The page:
|Country United States|
Part of Air Combat Command
|Active 1941–1944; 1955–1960; 1963–present|
Branch United States Air Force
Role Operational test and evaluation
The 53d Wing (53 WG) is a wing of the United States Air Force based at Eglin Air Force Base, Florida. The wing reports to the United States Air Force Warfare Center at Nellis Air Force Base, Nevada, which reports to Headquarters Air Combat Command.
- World War II
- Cold War Air Defense
- Test and Evaluation
The 53d Wing serves as the focal point for the combat air forces in electronic warfare, armament and avionics, chemical defense, reconnaissance, and aircrew training devices. The wing is also responsible for Operational Testing and Evaluation (OT&E) of new equipment and systems proposed for use by these air forces. Current wing initiatives include advanced self-protection systems for combat aircraft, aircrew life support systems, aerial reconnaissance improvements, new armament and weapons delivery systems, and improved maintenance equipment and logistics support. The 53d Wing, which consists of four groups, numbers almost 2,000 military and civilians at 17 locations throughout the United States.
World War II
The group was activated in 1941 as the 53d Pursuit Group with the 13th, 14th, and 15th Pursuit Squadrons assigned. The 53d trained fighter pilots with Seversky P-35 and Curtiss P-40 Warhawk aircraft from its activation until December 1941. After the United States entered World War II the group moved to the Panama Canal Zone to fly patrols in defense of the Panama Canal. In conjunction with the move, the group converted to Bell P-39 Airacobra aircraft. There it was redesignated as the 53d Fighter Group. The group returned to Florida in November 1942, where it became a Replacement Training Unit (RTU) training replacement fighter pilots. RTUs were oversized units whose mission was to train individual pilots or aircrews. It used P-39s until June 1943 and Republic P-47 Thunderbolts thereafter. In early 1943, the group added a fourth squadron, the 438th Fighter Squadron.
The AAF found that standard military units, based on relatively inflexible tables of organization were proving less well adapted to the training mission. Accordingly, a more functional system was adopted in which each base was organized into a separate numbered unit. The group was disbanded in as a result of this reorganization in 1944 and its personnel, equipment and mission were assumed by the 338th AAF Base Unit (Replacement Training Unit, Fighter).
Cold War Air Defense
The group was reconstituted, redesignated as the 53d Fighter Group (Air Defense) and activated to replace the 521st Air Defense Group at Sioux City Municipal Airport as part of Air Defense Command's Project Arrow to bring back on the active list fighter units that had achieved memorable records in the two World Wars. The 14th Fighter-Interceptor Squadron (FIS), already at Sioux City transferred from the 521st, while the 13th FIS moved to Sioux City to replace the 519th FIS. Both squadrons flew rocket armed and radar equipped F-86D Sabres. Between August 1955 and April 1960 the 53d served as an air defense unit, participating in North American Air Defense Command (NORAD) exercises and testing automated air defense systems. It also was the host organization for the USAF and was assigned several support units to carry out this function. In the fall of 1957 both of the group's squadrons upgraded their Sabres to F-86L models with data link for interception control through the Semi-Automatic Ground Environment system. In July 1959 the 13th FIS moved to Glasgow AFB, Montana and was reassigned. The group and its remaining components were inactivated in 1960. In 1985, the group was redesignated as the 53d Tactical Fighter Group, but it was never active under that designation.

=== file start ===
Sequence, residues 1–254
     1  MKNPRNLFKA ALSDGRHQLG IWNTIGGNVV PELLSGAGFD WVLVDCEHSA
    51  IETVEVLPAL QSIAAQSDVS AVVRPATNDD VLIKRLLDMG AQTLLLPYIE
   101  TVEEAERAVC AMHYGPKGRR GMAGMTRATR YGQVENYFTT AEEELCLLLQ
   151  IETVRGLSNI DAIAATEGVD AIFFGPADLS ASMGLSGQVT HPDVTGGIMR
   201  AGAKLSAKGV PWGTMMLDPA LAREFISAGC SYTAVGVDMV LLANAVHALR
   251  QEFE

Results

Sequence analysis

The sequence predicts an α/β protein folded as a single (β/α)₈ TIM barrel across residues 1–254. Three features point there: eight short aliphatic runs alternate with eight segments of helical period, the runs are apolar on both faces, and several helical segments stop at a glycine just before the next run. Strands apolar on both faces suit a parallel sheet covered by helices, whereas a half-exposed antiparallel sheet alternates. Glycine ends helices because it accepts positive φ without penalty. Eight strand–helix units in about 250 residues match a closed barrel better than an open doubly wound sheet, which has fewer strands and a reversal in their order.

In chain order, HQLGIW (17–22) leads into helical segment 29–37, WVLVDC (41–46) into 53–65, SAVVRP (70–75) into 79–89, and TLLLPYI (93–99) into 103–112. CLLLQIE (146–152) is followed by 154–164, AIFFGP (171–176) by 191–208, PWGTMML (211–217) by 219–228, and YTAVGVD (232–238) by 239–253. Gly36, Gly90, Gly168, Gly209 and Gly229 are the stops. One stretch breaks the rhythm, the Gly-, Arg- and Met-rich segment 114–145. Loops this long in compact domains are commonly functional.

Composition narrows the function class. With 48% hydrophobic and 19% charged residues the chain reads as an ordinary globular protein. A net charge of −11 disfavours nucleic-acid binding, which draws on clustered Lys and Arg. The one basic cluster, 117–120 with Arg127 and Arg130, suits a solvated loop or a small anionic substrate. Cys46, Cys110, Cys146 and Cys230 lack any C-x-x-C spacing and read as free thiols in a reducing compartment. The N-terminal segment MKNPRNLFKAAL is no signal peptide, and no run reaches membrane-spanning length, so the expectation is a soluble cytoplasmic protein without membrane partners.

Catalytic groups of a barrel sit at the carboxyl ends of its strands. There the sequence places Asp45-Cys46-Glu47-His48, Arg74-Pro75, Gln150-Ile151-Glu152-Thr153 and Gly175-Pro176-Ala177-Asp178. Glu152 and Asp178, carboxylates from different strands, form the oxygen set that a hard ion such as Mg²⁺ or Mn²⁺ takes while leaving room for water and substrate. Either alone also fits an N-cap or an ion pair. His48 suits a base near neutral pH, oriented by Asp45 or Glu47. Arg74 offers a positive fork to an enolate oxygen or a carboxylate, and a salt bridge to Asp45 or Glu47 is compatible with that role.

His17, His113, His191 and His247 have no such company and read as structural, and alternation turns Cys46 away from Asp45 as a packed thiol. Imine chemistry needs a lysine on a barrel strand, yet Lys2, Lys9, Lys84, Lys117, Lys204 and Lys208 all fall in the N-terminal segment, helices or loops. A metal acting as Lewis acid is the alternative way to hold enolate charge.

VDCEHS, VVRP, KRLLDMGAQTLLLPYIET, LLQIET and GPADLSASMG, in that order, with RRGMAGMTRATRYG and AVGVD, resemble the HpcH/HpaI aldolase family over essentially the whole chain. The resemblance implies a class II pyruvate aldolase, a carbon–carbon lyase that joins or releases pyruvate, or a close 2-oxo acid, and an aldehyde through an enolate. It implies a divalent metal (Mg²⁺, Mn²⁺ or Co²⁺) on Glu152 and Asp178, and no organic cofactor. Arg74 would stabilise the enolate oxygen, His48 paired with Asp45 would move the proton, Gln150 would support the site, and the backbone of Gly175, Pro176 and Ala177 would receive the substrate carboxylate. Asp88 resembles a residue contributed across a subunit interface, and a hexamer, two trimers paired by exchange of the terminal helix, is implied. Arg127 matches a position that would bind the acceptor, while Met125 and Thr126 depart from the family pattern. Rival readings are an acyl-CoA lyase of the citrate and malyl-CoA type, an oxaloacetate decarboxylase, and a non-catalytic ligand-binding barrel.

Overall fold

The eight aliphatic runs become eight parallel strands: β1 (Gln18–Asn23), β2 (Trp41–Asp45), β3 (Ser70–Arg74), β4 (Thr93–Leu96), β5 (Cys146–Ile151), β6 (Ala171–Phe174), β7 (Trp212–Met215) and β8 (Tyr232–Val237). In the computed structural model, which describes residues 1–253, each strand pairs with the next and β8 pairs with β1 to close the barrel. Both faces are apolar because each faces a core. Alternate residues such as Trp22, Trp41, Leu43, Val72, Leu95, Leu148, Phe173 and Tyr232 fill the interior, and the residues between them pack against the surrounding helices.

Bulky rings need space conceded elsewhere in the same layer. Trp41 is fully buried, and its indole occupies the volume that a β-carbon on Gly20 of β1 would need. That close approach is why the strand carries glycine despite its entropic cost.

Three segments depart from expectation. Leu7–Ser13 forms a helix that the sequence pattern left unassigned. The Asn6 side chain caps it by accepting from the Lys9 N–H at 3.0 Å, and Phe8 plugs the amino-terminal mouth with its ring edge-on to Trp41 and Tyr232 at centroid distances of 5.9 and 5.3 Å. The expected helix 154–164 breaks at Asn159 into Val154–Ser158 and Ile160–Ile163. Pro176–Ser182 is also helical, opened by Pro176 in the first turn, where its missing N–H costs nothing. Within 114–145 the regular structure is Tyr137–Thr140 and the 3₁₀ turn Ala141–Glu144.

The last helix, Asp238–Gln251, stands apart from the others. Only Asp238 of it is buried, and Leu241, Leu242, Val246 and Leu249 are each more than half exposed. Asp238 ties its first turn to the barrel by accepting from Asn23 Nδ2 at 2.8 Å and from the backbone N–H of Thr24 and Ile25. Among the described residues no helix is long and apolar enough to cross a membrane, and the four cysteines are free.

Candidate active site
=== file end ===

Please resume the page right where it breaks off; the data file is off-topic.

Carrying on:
Test and Evaluation
The USAF Tactical Air Warfare Center was activated in 1963 to improve use of USAF tactical aviation in support of ground forces by operationally testing weapon systems and tactics for the joint U.S. Strike Command. It employed a cross-section of tactical aircraft from Tactical Air Command (TAC) bases across the country. During the Vietnam War it tested tactical weapons systems and tactics for use in Southeast Asia. After the war it continued operational testing of new tactical aviation weapon systems. In 1977 the center began an annual series of Air Force-wide exercises to improve command, control, communications, and intelligence (C3I) techniques. Around the same time it embarked on the electronic warfare evaluation program, and continued OT&E of aviation weapon systems for TAC and later Air Combat Command, the Department of Defense, and the North Atlantic Treaty Organization. From 1983 to present, responsible for the operational testing and evaluation (OT&E) of all Air Force aircraft/weapons systems, and providing range control for live-firing missile programs on the Gulf range and aerial targets, using full scale and subscale drones. In September 1995, the 53rd Tactical Fighter Group and USAF Air Warfare Center were consolidated and the consolidated unit was redesignated as the 53d Wing the following month.